Here’s how I’ve strategically said “no” to my family and friends:
- Have an honest talk. Let them know the reality of being self-employed (e.g. not working means not getting paid). This will give them a better understanding of where you’re coming from.
- Pick days out of the week and stick to it. It’s important to spend time with friends and family, and by pointing out specific days to hang out (and which days for work), you’ve automatically said “no” to for all your regular workdays.
- Don’t be afraid to just say “no”. If you followed points 1 and 2 and it’s your day off, just let them know when you need time to yourself or have other plans.
The key takeaway here is to make sure you can protect your day with valuable time to complete the work you need to do, but be empathetic and respectful at the same time.
Pro tip 3: Focus On The Right Tasks
Distractions are lethal to entrepreneurs, but lack of focus on the right tasks would second that. Ever had a long workday, but all you’ve done is repetitively checked your email, planned out your week, or read a bunch of articles? Unless you work in customer support or sales, you really shouldn’t be looking at your inbox that often.
I call this positive procrastination (or structured procrastination) — when you’re misled by busy work and don’t get around to the real work. If you struggle with this, here are some strategies you can consider:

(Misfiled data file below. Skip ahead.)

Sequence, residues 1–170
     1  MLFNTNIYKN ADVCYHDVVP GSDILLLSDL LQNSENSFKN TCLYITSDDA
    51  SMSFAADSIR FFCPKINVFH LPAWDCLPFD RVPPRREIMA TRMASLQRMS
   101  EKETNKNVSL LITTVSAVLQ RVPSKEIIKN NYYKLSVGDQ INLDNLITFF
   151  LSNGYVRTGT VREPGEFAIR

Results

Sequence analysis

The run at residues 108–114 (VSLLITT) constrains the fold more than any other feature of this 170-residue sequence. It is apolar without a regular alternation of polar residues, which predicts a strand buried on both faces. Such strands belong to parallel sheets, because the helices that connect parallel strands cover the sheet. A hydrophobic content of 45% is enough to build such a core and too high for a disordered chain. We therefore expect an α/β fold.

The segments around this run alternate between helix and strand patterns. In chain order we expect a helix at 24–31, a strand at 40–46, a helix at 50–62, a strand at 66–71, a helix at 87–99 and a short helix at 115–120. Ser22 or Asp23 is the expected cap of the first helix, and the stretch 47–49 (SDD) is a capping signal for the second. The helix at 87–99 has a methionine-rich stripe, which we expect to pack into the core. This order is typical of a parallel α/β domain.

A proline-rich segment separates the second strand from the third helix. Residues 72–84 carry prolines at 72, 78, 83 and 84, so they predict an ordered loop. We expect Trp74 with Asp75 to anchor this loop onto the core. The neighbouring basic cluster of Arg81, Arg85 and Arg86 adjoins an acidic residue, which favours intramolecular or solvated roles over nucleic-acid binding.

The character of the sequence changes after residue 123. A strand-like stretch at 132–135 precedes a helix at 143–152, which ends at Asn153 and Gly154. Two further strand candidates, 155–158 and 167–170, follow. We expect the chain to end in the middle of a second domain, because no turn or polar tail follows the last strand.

- Prioritize your tasks. Review your to-do list and pick 3-5 tasks that would make the most impact for the day.
- Break down your tasks. Be strategic and realistic when it comes to writing your tasks. Can you complete it in an hour? If not, you’ll have a hard time starting or completing it at all.
- Delegate tasks that are not part of your core business. Part of being self-employed means you’ll be both running your business (e.g. marketing, sales, serving customers) and making sure it’s operating smoothly (e.g. invoicing, accounting, and bookkeeping). Learn to delegate whenever you can to free up valuable time for work you’re uniquely qualified to do.
For delegating tasks, consider using a tool like Fiverr Workspace to help you automate back-office operations like invoicing and filing expenses, leaving you to focus on work you’re actually getting paid for and only you can do.
Pro tip 4: Deal With Cabin Fever
Later, as you continue your journey of self-employment, your sentiments about working from home might not be what you started out with. Entrepreneurship can be very lonely and it can really lower your motivational state from time to time.
But don’t let pajamas and afternoon slumps stop you. Here are two of my favorite tricks you can try:
- Switch up your work environment. Go work from a coffee shop or a co-working space where you can be surrounded by people who are working just as hard as you. Just make sure you have some headphones with you in case things get too loud.
- Dress as if you’re going into the office. Recent studies have shown that the clothes you wear have a big impact on your motivational level — a phenomenon called enclothed cognition.
Work from home more effectively
If you’re thinking about making the switch from a 9 to 5, I hope there’s enough here to help you get started. And for those who are already in the self-employed club, I hope you’ve learned a few helpful new tricks. Good luck!